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Kelsey Lucca is an assistant professor in the Department of Psychology. Her research investigates the active role that infants and young children play in their own early cognitive and social development. She’s specifically interested in understanding how curiosity, or the drive to seek out information, shapes early learning experiences — with a specific focus on processes related to language acquisition. She also studies the evolutionary origins of cognition and communication.
Lucca, K., Gire, D., Horton, R., & Sommerville, J. (in press). Automated measures of force and motion can improve our understanding of infants’ motor persistence. Journal of Motor Development and Learning.
Lucca, K. The development of information-requesting gestures in infancy and their role in shaping learning outcomes. (in press). The Questioning Child: Insights from Psychology and Education. Butler, L., Ronfard., S., & Corriveau, K. (Eds.). Cambridge, UK: Cambridge University Press.
Lucca, K., Hamlin, K., & Sommerville, J. (2019) Early moral cognition and behavior: Editorial. Frontiers in Psychology.
Lucca, K., Horton, R., & Sommerville, J. (2019) Keep Trying!: Parental language predicts infants’ persistence. Cognition.
Lucca, K., & Wilbourn, M.P. (2018). The what and the how: Information-seeking pointing gestures facilitate learning object labels and functions in 18-month-olds. Journal of Experimental Child Psychology
Lucca, K. & Sommerville, J. (2018) The little engine that can: Infants’ persistence matters. Trends in Cognitive Science.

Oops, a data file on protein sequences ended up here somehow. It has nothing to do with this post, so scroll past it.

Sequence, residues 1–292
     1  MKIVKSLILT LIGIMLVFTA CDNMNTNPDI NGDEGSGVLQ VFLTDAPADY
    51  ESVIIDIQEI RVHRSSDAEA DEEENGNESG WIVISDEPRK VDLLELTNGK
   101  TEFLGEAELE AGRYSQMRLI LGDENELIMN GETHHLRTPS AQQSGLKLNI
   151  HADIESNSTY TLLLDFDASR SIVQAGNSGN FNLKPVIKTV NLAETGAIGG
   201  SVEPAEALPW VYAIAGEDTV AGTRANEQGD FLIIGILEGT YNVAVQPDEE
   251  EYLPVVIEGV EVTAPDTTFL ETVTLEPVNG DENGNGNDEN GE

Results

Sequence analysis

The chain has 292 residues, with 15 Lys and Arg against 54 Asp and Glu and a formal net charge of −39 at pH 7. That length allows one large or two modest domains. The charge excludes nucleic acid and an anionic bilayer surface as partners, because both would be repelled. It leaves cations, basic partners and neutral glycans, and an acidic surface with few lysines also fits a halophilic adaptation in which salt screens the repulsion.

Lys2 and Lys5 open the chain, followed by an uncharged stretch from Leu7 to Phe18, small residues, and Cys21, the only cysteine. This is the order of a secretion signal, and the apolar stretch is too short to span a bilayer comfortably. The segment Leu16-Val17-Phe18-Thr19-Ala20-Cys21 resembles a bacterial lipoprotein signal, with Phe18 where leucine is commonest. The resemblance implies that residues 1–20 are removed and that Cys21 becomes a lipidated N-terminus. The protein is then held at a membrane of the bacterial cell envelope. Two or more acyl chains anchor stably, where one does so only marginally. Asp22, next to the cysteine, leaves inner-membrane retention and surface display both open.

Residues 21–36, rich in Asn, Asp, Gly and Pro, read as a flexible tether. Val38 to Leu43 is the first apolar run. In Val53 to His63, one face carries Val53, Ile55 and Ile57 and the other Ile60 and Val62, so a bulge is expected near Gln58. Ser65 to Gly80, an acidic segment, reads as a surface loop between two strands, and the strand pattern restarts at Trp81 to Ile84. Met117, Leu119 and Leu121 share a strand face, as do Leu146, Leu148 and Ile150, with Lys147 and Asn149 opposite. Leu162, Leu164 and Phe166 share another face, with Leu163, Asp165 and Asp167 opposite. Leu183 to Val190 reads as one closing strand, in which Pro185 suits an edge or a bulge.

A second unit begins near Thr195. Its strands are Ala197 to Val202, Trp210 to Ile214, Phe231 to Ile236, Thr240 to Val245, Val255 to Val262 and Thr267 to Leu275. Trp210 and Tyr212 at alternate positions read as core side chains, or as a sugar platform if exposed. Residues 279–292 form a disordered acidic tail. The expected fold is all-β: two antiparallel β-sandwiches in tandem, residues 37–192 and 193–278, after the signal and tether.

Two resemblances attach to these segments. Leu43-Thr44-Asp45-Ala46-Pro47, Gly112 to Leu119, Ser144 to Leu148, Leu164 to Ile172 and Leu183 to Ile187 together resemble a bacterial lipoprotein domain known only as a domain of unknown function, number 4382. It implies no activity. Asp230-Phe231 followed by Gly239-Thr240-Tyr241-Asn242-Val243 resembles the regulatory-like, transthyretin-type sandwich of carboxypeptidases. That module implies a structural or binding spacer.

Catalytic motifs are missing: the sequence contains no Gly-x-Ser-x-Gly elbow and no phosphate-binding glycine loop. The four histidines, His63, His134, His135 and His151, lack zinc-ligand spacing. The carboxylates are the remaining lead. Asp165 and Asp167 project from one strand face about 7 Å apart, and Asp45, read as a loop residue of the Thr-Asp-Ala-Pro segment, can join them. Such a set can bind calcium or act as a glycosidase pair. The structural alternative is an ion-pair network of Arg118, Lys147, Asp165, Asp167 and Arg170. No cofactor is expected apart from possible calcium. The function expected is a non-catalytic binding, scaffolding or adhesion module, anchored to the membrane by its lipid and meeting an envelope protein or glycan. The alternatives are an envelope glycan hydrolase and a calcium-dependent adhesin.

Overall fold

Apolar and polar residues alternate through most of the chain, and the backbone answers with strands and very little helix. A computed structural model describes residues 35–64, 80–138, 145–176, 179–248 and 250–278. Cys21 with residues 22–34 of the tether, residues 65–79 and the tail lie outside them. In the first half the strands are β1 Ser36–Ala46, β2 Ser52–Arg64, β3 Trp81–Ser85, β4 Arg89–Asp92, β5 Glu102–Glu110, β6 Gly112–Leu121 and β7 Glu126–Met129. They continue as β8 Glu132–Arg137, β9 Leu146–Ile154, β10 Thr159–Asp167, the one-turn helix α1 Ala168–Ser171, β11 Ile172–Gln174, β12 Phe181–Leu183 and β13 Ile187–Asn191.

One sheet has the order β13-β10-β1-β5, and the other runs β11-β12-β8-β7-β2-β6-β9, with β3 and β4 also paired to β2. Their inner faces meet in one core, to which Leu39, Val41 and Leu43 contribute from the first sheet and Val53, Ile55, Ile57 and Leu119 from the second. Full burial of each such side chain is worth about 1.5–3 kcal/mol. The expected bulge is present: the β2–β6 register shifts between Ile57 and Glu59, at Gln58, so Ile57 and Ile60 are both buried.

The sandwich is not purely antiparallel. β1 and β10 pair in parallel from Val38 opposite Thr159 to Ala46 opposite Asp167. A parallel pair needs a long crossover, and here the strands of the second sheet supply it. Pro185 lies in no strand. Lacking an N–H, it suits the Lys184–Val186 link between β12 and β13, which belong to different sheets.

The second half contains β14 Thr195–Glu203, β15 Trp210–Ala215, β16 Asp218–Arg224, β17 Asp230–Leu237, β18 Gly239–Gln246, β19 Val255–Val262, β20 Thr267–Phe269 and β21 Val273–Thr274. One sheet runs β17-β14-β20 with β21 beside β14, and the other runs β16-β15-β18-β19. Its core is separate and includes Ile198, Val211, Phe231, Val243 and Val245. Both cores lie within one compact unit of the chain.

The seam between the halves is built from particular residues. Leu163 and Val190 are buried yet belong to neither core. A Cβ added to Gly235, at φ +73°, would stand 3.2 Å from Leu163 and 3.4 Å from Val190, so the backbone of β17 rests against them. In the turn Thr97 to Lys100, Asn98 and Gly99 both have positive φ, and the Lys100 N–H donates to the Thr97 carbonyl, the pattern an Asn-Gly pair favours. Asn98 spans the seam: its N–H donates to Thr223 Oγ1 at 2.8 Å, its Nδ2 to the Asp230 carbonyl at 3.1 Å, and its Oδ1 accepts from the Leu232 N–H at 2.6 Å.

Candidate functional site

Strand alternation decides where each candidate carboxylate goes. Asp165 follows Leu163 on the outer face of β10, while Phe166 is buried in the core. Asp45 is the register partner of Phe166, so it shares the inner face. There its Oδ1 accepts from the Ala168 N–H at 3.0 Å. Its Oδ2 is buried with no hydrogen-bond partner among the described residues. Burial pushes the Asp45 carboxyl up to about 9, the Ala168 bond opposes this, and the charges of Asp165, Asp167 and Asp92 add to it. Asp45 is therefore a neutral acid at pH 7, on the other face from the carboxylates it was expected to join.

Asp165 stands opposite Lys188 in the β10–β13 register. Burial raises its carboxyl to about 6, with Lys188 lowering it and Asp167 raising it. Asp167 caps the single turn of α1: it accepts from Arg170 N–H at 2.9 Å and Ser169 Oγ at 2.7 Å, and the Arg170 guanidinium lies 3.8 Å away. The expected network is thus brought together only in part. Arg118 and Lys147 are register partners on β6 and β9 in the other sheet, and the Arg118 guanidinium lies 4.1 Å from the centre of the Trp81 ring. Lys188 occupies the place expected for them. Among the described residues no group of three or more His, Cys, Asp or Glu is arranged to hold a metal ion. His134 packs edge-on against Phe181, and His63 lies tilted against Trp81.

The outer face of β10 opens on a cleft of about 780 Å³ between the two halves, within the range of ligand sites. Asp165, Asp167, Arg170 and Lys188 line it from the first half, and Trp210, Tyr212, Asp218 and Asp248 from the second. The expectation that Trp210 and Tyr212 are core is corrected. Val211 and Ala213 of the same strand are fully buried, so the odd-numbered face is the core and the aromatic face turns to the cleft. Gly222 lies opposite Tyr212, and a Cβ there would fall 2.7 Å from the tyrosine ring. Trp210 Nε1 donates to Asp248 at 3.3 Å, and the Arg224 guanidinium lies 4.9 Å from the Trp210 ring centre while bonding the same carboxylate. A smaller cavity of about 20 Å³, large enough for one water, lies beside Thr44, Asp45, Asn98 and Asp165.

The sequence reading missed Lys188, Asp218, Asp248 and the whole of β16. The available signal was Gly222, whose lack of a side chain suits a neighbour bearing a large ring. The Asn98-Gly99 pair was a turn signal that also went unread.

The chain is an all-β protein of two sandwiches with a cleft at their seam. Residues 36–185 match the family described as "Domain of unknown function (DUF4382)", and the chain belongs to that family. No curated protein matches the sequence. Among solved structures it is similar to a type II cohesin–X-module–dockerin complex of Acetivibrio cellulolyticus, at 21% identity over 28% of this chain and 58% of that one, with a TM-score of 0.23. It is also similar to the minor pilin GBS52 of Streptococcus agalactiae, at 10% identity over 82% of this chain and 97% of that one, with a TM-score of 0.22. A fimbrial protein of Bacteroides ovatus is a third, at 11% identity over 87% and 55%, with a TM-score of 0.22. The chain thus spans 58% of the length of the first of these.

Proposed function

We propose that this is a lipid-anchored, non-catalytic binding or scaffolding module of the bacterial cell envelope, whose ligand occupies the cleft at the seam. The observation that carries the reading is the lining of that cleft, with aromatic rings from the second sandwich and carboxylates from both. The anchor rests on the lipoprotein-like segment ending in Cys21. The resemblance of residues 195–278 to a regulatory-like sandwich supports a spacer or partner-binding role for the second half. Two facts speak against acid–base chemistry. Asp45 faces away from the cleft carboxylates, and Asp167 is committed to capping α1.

Sommerville, J., Enright, E.*, Horton, R*., Lucca, K.*, Sitch, M., & Kirchner-Adelhardt, S. (2018) Infants’ prosocial behavior is governed by cost-benefit analyses. Cognition.
Lucca, K., Popisil, J, & Sommerville, J. (2018). Fairness informs social decision making in infancy. PLOS ONE.
Lucca, K., MacLean, E., & Hare, B. (2017) The development and flexibility of gaze alternations in bonobos and chimpanzees. Developmental Science. doi: 10.1111/desc.12598 *featured on journal cover
Lucca, K., & Wilbourn, M.P. (2016). Communicating to learn: Infants’ pointing gestures reflect an optimal state for learning. Child Development. doi: 10.1111/cdev.12707
Verdine, B.N., Lucca, K., Chang, A., Golinkoff, R. M., Newcombe, N.S., & Hirsh-Pasek, K. (2015). The shape of things: The origin of young children’s knowledge of the names and properties of geometric forms. Journal of Cognition and Development. 17(1): 142-161. doi: 10.1080/15248372.2015.1016610